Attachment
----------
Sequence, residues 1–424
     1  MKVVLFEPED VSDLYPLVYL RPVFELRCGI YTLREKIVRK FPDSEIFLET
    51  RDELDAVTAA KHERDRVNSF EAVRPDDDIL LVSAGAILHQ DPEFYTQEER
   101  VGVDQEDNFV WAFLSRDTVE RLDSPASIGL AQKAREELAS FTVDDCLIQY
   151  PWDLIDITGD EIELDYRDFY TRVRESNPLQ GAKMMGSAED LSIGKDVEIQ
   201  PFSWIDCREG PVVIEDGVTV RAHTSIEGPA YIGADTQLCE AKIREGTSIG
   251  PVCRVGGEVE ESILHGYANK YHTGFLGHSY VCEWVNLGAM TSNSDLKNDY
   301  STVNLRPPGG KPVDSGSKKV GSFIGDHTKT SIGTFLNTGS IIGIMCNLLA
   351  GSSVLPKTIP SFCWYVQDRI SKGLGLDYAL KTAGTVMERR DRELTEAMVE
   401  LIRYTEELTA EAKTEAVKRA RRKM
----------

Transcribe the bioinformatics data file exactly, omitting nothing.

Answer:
Sequence, residues 1–424
     1  MKVVLFEPED VSDLYPLVYL RPVFELRCGI YTLREKIVRK FPDSEIFLET
    51  RDELDAVTAA KHERDRVNSF EAVRPDDDIL LVSAGAILHQ DPEFYTQEER
   101  VGVDQEDNFV WAFLSRDTVE RLDSPASIGL AQKAREELAS FTVDDCLIQY
   151  PWDLIDITGD EIELDYRDFY TRVRESNPLQ GAKMMGSAED LSIGKDVEIQ
   201  PFSWIDCREG PVVIEDGVTV RAHTSIEGPA YIGADTQLCE AKIREGTSIG
   251  PVCRVGGEVE ESILHGYANK YHTGFLGHSY VCEWVNLGAM TSNSDLKNDY
   301  STVNLRPPGG KPVDSGSKKV GSFIGDHTKT SIGTFLNTGS IIGIMCNLLA
   351  GSSVLPKTIP SFCWYVQDRI SKGLGLDYAL KTAGTVMERR DRELTEAMVE
   401  LIRYTEELTA EAKTEAVKRA RRKM